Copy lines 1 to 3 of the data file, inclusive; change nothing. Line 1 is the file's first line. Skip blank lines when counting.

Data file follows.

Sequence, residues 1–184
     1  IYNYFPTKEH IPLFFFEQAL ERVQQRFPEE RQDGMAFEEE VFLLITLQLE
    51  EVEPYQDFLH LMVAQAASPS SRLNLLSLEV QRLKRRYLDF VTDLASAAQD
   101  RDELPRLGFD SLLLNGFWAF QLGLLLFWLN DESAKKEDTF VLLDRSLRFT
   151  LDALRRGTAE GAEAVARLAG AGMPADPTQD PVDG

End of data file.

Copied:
Sequence, residues 1–184
     1  IYNYFPTKEH IPLFFFEQAL ERVQQRFPEE RQDGMAFEEE VFLLITLQLE
    51  EVEPYQDFLH LMVAQAASPS SRLNLLSLEV QRLKRRYLDF VTDLASAAQD